Interurban Railways in and near Michigan
Photo Info/Credit: The South Shore commuter line in the 1970's. [Doug Leffler]
Interurban railroads came to fruition in Michigan after development of electrical transmission over distances and the invention of the electrical traction motor.
Steam railroad passenger tickets were pricy and those intercity trains did not stop at every local town or road along the line. Interurban railroads were able to lay lightweight rails along roadways and they stopped at most towns and crossings (except for 'limited' trains).
Interurban trains were typically very low cost. Instead of costly block station operators along the line, the engineman called in for orders at trackside telephone booths. Few of these railroads installed automatic block signal protection, even though they had a very high rate of head-on accidents.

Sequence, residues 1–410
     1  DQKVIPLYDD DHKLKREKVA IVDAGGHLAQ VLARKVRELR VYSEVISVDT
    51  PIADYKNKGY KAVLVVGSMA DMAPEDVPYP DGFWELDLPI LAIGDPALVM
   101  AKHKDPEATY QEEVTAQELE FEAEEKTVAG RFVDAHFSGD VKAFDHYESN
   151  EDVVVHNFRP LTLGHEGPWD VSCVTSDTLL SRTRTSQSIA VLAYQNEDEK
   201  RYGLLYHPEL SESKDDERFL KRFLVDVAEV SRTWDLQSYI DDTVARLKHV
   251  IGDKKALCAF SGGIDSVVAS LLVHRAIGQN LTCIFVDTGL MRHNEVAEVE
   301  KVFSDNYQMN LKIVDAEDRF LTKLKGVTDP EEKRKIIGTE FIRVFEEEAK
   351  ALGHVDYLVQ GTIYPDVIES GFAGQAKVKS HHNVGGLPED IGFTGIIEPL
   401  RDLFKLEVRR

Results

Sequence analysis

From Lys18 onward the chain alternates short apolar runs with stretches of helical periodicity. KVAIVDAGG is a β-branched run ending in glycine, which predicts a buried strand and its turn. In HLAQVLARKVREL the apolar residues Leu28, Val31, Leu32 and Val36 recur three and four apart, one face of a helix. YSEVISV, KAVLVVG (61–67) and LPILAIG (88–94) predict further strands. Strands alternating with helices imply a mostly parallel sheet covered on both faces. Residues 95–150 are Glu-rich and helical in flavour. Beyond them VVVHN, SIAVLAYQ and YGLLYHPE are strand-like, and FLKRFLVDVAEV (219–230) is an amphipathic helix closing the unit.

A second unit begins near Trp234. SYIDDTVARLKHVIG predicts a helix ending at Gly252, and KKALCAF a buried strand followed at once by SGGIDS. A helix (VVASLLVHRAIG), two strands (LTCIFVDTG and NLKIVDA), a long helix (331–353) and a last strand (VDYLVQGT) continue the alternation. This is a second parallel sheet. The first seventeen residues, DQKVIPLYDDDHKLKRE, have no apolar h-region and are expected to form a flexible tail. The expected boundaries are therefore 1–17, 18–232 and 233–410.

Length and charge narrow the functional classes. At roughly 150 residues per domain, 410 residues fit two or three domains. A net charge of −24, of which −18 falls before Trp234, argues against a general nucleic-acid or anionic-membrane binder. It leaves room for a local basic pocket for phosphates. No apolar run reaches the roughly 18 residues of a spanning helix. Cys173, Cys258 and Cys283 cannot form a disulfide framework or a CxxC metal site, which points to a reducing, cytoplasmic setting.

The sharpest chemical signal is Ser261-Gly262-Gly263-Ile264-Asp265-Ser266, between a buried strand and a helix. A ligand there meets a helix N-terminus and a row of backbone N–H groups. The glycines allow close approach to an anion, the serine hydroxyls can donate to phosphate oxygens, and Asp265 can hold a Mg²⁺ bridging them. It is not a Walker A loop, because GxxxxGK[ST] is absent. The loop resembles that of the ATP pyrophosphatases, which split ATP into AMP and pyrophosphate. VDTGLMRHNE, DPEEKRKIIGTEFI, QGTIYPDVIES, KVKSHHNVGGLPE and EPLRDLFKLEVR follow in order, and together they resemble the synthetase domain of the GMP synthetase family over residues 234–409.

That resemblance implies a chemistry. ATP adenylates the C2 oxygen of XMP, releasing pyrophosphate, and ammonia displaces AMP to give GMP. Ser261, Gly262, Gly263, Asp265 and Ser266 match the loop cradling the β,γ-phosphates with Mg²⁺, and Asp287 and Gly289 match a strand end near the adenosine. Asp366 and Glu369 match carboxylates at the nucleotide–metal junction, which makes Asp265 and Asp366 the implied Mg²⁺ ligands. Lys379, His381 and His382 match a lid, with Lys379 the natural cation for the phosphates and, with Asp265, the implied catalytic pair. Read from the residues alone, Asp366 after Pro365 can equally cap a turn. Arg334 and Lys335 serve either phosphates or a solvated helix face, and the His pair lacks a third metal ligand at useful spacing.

Many interurban railroads were independents which over the years were ultimately consolidated into a handful of large railroads (or trusts). Most were bankrupt and gone by the 1930's. Detroit took over its street railroads by the 1920's.
At least one line, the Chicago, South Shore & Sound Bend was built by 1908 and lasted until 1989 when it was taken over by the Northern Indiana Commuter Transportation District. It is still known as the "South Shore Line" and operates from South Bend to Chicago via Michigan City, Indiana.